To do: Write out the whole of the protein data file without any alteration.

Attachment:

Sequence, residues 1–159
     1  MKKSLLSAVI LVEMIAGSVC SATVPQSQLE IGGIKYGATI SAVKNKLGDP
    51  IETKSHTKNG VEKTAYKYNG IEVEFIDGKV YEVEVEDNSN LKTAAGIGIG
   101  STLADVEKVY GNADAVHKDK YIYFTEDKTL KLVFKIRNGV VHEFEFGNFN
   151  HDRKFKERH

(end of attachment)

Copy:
Sequence, residues 1–159
     1  MKKSLLSAVI LVEMIAGSVC SATVPQSQLE IGGIKYGATI SAVKNKLGDP
    51  IETKSHTKNG VEKTAYKYNG IEVEFIDGKV YEVEVEDNSN LKTAAGIGIG
   101  STLADVEKVY GNADAVHKDK YIYFTEDKTL KLVFKIRNGV VHEFEFGNFN
   151  HDRKFKERH